According to Mocality, within a few hours of the change going live, six calls came through to its offices (which was recorded) from someone who identified himself as a Google representative claiming to be working with Mocality.

“[The caller stated] that GKBO is working in collaboration with Mocality, and that we are helping them with GKBO, before trying to offer the business owner a website (and upsell them a domain name). Over the 11 minutes of the whole call he repeatedly states that Mocality is with, or under (!) Google.”

Google also apparently told business owners that Mocality would begin charging for listings, something the company had no plans to do.

It seems someone, somewhere got wind of the sting operation and stopped accessing the site via the IP address Mocality was targeting. Magdalinski then claims that the guilty party outsourced the operation to a company in India.

Business owners were receiving calls from India with the same promise as before. A day after the old IP address had stopped accessing the site a new IP address, 74.125.63.33, made 17 645 requests, 15 554 of which were to business profiles.

 

 

“Since October, Google’s GKBO appears to have been systematically accessing Mocality’s database and attempting to sell their competing product to our business owners. They have been telling untruths about their relationship with us, and about our business practices, in order to do so. As of January 11th, nearly 30% of our database has apparently been contacted,” writes Magdalinski.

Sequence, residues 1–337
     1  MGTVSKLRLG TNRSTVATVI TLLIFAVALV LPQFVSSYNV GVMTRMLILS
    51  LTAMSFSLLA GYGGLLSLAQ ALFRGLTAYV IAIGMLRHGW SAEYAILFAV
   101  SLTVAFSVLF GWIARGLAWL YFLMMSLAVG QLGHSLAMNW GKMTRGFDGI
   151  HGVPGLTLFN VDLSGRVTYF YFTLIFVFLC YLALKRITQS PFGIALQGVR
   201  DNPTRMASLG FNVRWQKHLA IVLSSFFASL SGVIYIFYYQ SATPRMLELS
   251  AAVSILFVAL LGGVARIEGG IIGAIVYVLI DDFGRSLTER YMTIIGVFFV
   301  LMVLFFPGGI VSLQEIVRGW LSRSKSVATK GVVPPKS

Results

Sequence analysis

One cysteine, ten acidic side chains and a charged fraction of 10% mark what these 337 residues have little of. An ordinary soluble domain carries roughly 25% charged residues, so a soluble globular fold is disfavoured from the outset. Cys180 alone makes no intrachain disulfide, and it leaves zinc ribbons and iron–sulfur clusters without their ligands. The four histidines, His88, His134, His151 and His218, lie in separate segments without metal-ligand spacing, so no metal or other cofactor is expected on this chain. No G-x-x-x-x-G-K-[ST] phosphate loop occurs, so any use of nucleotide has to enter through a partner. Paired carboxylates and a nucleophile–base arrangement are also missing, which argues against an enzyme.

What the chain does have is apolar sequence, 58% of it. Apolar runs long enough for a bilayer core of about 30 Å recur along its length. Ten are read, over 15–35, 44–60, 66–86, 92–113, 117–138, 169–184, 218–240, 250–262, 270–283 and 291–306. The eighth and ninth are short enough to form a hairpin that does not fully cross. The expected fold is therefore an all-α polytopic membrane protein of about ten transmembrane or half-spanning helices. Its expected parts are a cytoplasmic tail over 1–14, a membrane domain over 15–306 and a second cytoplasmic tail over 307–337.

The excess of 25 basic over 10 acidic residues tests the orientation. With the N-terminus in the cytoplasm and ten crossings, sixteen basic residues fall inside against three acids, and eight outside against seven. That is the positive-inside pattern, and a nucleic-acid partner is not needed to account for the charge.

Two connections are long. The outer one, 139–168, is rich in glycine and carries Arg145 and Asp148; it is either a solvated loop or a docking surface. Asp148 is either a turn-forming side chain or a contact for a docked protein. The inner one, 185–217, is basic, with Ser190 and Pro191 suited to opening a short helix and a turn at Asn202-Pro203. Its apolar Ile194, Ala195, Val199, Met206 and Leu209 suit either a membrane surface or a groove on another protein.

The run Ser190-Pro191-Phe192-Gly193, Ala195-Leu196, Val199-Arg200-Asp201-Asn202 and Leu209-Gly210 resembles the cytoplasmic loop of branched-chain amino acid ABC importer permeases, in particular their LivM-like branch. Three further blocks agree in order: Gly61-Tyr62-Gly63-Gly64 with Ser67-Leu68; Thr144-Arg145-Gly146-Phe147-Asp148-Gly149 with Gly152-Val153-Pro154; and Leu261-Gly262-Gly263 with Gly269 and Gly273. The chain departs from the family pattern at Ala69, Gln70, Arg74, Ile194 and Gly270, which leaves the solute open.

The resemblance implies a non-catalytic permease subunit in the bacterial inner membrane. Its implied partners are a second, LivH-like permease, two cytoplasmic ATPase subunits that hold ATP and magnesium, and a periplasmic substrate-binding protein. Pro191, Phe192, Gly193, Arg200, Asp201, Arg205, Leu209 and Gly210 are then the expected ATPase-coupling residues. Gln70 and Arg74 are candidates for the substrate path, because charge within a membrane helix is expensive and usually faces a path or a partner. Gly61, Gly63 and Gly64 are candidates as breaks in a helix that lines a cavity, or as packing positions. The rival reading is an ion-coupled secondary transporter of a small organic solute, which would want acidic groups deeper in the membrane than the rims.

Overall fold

He poses three interesting question at the end of this post:

— In discussions with various Google Kenya/Africa folks in the past, I’d raised the idea of working together more closely in Kenya. Getting Kenyan businesses online is precisely what we do.

Until we uncovered the ‘India by way of Mountain View’ angle, I could have believed that this was a local team that somehow forgot the corporate motto, but not now.

  • If Google wanted to work with our data, why didn’t they just ask?

  • Who authorised this?

  • Who knew, and who SHOULD have known, even if they didn’t know?

‘Highly disappointing’

Well-known Kenyan technology blogger and TED speaker Erik Hersman, who also blogged about the issue, told Memeburn that Google in Kenya have “always been above reproach”.